For 56-year-old Ed Cook from Vancouver, Washington, his BodySpace nickname, "Old Superman," isn't an oxymoron or an ironic joke. No, he isn't a man of steel. But he is a man of iron. And he has rescued at least one life.
Becoming Old Superman!
Watch The Video - 8:33
Learn more about Ed Cook here.
Turn Your Life Around - Transform Your Body From The Inside Out
In his thirties, Cook's only use for a superhero's cape would have been to obscure his protruding gut. His weight had ballooned to 243, an unwelcome gain of more than 50 pounds. His doc issued a warning: If you want to avoid a heart attack, Ed, shape up and slim down, stat. It wasn't a pleasant ultimatum. Then again, better to receive a health-related newsflash sitting in an office than lying on a gurney.
Many people ignore that warning until they're staring up at EMTs or the lid of a pine box. But Cook had a lot to lose, including a wife of 30-plus years and four kids. So he did his best Superman impression, training and cleaning up his diet like a man on a mission. Fifty-two pounds, gone in seven months. Since then, he's rebuilt his body to 210, adding muscle this time, not fat. So impressive are the results that he now competes in masters' bodybuilding contests.
Ed found inspiration by reading other people's accounts of personal transformation. Now his story, along with many others, serves as an inspiration to you in the book powered by BodySpace - Body by Design.
In the accompanying video, Cook discusses the attrition factor. So many people start their transformation with the best of intentions; so few stay the course. "Life becomes overwhelming, and you feel that you don't have enough time," he says. Who hasn't felt way that at some point in his or her life? Maybe you're feeling that way now.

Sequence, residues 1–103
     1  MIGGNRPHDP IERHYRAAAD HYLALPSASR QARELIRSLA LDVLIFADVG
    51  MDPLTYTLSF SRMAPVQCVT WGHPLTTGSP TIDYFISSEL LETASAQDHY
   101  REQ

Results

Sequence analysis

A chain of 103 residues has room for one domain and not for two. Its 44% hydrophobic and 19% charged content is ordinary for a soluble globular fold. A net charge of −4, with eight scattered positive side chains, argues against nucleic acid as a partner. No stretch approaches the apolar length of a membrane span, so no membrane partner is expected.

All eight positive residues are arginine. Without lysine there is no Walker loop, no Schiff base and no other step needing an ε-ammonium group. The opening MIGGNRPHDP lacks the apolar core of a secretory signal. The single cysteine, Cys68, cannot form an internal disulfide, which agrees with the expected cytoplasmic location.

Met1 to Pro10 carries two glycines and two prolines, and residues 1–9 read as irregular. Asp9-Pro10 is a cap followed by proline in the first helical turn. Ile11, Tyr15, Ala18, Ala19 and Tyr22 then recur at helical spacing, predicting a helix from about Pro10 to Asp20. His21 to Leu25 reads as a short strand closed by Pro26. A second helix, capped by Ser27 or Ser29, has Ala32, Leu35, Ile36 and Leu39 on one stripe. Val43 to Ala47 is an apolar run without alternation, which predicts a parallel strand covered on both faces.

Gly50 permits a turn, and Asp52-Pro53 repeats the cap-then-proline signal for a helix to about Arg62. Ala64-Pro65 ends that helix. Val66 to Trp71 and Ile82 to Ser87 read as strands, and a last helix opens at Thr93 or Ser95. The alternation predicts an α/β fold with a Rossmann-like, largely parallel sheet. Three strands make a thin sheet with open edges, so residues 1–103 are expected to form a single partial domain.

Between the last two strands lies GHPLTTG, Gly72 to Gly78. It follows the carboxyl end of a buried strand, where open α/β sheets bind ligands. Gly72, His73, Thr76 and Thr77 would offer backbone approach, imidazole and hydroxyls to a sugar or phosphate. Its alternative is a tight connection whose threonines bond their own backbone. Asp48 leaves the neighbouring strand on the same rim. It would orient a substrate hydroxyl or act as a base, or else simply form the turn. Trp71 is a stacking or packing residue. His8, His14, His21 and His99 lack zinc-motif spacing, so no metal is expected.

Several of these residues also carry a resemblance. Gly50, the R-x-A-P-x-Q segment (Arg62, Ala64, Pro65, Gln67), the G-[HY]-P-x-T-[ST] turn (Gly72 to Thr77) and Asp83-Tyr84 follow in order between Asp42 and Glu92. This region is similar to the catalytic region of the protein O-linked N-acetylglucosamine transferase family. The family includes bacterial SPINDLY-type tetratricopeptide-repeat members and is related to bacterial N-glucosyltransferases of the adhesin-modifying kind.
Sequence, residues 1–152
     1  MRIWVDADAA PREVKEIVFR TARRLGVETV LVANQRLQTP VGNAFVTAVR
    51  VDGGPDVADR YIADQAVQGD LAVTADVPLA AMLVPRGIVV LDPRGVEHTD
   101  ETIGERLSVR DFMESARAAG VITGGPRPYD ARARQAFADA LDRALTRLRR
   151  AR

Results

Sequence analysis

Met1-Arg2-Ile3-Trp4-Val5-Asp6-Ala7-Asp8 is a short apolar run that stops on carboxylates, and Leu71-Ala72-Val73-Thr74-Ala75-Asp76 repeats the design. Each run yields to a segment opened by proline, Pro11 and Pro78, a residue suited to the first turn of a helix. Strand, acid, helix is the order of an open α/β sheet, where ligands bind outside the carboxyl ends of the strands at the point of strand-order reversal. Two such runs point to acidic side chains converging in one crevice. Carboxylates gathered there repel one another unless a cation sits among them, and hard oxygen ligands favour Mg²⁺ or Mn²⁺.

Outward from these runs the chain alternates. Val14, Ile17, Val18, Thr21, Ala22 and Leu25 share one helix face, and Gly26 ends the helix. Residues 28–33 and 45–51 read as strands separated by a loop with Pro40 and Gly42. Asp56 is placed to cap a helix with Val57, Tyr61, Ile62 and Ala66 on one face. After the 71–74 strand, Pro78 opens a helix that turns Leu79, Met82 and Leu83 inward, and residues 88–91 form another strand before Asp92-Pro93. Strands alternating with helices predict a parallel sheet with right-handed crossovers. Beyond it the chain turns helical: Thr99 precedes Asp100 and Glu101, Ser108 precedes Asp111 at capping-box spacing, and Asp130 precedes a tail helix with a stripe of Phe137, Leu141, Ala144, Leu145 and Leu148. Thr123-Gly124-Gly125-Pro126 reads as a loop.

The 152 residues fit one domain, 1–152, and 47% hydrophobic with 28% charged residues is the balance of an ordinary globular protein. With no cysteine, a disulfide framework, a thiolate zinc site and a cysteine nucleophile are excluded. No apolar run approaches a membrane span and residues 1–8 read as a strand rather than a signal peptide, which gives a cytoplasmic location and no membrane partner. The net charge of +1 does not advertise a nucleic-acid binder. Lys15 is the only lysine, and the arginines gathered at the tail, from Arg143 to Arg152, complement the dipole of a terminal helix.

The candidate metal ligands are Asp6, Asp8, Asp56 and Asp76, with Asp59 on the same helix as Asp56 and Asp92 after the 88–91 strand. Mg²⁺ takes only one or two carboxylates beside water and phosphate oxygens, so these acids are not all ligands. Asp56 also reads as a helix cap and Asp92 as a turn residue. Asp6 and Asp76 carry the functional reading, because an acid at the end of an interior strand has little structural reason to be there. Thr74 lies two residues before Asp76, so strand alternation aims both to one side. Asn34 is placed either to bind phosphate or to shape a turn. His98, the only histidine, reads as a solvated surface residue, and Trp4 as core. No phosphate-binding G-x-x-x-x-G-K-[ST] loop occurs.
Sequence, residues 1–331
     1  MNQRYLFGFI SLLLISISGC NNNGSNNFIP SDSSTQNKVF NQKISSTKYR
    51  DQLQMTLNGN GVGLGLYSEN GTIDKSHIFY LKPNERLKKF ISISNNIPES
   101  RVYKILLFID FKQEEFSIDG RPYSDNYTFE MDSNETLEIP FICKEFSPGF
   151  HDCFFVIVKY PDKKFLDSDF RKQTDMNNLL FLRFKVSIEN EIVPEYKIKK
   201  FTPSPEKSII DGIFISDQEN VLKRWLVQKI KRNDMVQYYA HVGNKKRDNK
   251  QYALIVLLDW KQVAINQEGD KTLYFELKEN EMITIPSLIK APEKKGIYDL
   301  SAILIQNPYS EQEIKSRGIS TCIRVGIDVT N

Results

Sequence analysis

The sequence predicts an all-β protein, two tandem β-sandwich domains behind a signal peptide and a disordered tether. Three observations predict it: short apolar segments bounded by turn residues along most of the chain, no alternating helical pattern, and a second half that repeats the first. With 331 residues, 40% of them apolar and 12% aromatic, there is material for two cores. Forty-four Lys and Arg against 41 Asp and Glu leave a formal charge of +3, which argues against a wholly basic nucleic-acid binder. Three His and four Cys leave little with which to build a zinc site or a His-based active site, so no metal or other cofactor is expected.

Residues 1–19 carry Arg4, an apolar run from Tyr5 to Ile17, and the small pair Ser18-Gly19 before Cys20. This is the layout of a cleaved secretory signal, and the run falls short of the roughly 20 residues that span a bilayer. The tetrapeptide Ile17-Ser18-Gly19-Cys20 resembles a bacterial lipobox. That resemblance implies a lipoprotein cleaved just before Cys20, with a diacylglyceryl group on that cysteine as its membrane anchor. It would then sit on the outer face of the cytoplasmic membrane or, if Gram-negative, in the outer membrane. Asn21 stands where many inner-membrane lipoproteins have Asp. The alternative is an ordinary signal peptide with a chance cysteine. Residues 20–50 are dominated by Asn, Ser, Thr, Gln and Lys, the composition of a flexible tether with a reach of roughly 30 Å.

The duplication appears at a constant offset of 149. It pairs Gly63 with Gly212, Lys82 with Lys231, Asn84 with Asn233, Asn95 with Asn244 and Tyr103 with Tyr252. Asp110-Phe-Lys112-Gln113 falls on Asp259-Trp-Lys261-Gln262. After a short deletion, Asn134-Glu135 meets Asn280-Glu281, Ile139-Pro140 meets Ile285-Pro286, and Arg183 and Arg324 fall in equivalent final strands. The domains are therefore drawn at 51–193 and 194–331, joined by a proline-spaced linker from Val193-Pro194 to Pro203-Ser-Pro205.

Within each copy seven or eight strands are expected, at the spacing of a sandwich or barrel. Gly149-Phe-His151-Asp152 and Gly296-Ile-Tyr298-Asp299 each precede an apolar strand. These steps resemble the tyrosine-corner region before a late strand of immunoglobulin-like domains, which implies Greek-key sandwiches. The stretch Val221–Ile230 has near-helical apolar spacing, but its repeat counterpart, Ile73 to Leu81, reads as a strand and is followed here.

Your first impulse may be to skip your workouts, but that's the last thing you should do. Training, according to the experts, is like kryptonite versus stress:
"That half hour or hour a day you spend in the gym is precisely what you need to manage those other 23 or 23½ hours,"
Says Jimmy Peña, C.S.C.S., who helps Mario Lopez, Tyler Perry, and other stars find training time and then puts them through their paces.
"It's the single most efficient use of time."
Allow stress to take over, and the negative health effects begin piling up like railcars in a train wreck. Weight gain is perhaps the most insidious effect of all. As it turns out, the stress hormone cortisol signals the body to store fat. So when you're stressing, you're literally packing on the pounds 24/7. Instead, you could be adding muscle to boost your metabolism, allowing you to become a fat-burning pyromaniac.
Stress also sabotages sleep, which is a Catch-22, since stressful periods are when your body needs sleep the most. Disrupt your sleep, and an already stressed endocrine system releases additional cortisol, leading to more body fat. Unfortunately, one in three Americans now suffers from insomnia. You might be one of them without knowing it. When researchers wired up subjects to study their sleep patterns, they found that while the participants spent an average of 7.5 hours in bed, they were asleep for more like 6 hours. Not nearly enough.
So it's time to wake up to the havoc that too much stress and too little sleep are wreaking with your life. Stress has already hurt your physique; now, poor sleep can lead to more serious problems than just being kicked out of bed:
Sleep interruptions increase the formation of blood clots, a predictor of heart disease, the killer Cook needed to sidestep.
Poor sleep is a nightmare for glucose metabolism. Even one night of partial sleep reduces insulin sensitivity in a healthy person, so imagine what too much tossing and turning does when glucose tolerance is impaired.